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« Eye of the beholder | Main | " I find in food and in memories of food my refuge" »

January 27, 2005


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"In the large hospitals, ward after ward was filled with women suffering and dying from botched abortions."

I have been wondering just how true this sentence might be. It's very easy to just throw out numbers... as we know it's so very easy to lie about statistics. Or even just make up numbers out of thin air.

I have no real numbers on how many women died from botched abortions back then. Just as I have no real numbers on how many die from botched abortions now. Oh - did they forget to mention that abortion is a major medical procedure and women can die from it, even in the "best" abortion clinics, even in this wonderfully enlightened time? No, they prefer you to think that the only time women die from abortions are when they are "back alley" and in "bad conditions" - completely and utterly false!

"ward after ward" is a nicely vague and frightening way of characterizing things. The statistics must be out there... it's certainly been long enough - why do they continue to fall back on the huge scare tactics? Because if you saw the real numbers, you might not be as sympathetic to their cause.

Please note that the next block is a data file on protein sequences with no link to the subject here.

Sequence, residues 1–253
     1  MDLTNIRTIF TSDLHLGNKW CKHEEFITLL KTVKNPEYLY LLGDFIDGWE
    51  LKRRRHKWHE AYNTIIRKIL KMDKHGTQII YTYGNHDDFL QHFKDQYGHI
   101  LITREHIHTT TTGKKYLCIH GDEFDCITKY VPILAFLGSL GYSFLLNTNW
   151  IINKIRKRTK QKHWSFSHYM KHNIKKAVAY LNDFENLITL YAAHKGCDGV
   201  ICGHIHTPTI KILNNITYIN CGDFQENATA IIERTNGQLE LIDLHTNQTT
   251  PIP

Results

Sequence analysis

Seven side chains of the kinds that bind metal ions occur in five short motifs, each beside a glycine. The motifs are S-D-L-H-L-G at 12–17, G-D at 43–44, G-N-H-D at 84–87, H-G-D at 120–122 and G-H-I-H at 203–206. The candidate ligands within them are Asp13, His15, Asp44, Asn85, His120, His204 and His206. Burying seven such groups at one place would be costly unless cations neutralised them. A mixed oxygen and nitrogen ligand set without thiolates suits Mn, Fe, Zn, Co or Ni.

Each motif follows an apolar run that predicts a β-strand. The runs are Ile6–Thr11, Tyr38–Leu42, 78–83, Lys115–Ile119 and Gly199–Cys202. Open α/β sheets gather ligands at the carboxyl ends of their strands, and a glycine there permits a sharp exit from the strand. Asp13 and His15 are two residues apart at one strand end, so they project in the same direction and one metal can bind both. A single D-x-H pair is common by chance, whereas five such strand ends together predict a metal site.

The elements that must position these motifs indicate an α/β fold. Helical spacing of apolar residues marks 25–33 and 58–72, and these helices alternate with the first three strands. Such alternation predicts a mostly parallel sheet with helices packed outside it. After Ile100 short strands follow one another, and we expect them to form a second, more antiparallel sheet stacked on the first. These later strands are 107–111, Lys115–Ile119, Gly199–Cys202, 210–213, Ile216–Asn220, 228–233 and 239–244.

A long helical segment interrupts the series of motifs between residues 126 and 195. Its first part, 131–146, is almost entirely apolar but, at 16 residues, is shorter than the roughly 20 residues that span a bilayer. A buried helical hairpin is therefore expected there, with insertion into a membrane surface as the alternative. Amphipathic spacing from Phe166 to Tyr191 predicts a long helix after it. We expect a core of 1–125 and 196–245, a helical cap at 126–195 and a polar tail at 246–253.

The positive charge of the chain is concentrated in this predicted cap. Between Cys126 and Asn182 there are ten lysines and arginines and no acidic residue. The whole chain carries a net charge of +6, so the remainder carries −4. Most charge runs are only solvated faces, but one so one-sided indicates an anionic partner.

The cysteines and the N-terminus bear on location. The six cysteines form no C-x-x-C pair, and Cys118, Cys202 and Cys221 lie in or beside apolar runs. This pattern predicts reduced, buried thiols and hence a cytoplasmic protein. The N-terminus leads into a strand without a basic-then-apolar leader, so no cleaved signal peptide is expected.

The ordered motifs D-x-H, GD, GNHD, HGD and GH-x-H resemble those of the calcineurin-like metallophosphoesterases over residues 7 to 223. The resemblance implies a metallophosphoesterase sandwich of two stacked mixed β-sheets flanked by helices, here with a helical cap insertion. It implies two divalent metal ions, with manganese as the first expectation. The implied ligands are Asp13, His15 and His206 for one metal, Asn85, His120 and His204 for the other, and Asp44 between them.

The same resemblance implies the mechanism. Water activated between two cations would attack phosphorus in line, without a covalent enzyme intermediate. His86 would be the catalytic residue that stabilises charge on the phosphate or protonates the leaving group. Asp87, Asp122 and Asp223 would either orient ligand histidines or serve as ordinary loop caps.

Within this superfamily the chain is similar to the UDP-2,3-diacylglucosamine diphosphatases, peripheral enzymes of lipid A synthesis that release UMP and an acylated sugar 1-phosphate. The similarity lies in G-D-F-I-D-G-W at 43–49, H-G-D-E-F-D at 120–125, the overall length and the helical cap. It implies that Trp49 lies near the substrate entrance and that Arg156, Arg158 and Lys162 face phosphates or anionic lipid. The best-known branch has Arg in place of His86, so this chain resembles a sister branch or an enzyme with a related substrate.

I will also mention - that years ago I was a nurse in a Neonatal Intensive Care. I can assure you, after a while you begin to think that all babies are born with medical problems - even if you KNOW intellectually that you are seeing only a tiny percentage of them. I knew NICU nurses who thought every single baby born should be under the watchful eye of a nurse for at least 3 days - to be sure nothing bad happened to them! (parents were not to be trusted) Personally I thought this was hogwash, because I understood how tiny the percentage of sick babies really was... we agreed to disagree.

But my point here is that perfectly good doctors can also have their perception skewed by where they work and what they see. It wouldn't be surprising at all to see many cases concentrated in one area hospital, leading doctors working there to the erroneous conclusion that the problem is huge, when in fact the actual percentage is very small.

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